Nanosecond fluorescence from isolated photosynthetic reaction centers of Rhodopseudomonas sphaeroides

Neal W.T. Woodbury, William W. Parson

Research output: Contribution to journalArticlepeer-review

216 Scopus citations


The time-course of fluorescence from reaction centers isolated from Rhodopseudomonas sphaeroides was measured using single-photon counting techniques. When electron transfer is blocked by the reduction of the electron-accepting quinones, reaction centers exhibit a relatively long-lived (delayed) fluorescence due to back reactions that regenerate the excited state (P*) from the transient radical-pair state, PF. The delayed fluorescence can be resolved into three components, with lifetimes of 0.7, 3.2 and 11 ns at 295 K. The slowest component decays with the same time-constant as the absorbance changes due to PF, and it depends on both temperature and magnetic fields in the same way that the absorbance changes do. The time-constants for the two faster components of delayed fluorescence are essentially independent of temperature and magnetic fields. The fluorescence also includes a very fast (prompt) component that is similar in amplitude to that obtained from unreduced reaction centers. The prompt fluorescence presumably is emitted mainly during the period before the initial charge-transfer reaction creates PF from P*. From the amplitudes of the prompt and delayed fluorescence, we calculate an initial standard free-energy difference between P* and PF of about 0.16 eV at 295 K, and 0.05 eV at 80 K, depending somewhat on the properties of the solvent. The multiphasic decay of the delayed fluorescence is interpreted in terms of relaxations in the free energy of PF with time, totalling about 0.05 eV at 295 K, possibly resulting from nuclear movements in the electron-carriers or the protein.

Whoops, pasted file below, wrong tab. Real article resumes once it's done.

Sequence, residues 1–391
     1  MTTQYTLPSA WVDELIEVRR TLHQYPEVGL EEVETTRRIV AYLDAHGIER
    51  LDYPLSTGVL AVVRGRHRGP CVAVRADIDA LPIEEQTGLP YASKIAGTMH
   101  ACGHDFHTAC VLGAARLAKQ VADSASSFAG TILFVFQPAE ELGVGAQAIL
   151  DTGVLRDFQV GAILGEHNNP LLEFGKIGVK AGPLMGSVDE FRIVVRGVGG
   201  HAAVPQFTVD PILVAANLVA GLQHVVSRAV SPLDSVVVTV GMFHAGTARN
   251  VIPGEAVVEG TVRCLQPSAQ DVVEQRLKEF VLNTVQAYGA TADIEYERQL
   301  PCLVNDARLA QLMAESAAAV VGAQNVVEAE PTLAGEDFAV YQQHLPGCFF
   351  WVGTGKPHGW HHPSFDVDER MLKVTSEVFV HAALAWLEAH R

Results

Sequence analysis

Original languageEnglish (US)
Pages (from-to)345-361
Number of pages17
JournalBBA - Bioenergetics
Issue number2
StatePublished - Nov 26 1984
Externally publishedYes


  • (Rps. sphaeroides)
  • Bacterial photosynthesis
  • Fluorescence kinetics
  • Reaction center

ASJC Scopus subject areas

  • Biophysics
  • Biochemistry
  • Cell Biology


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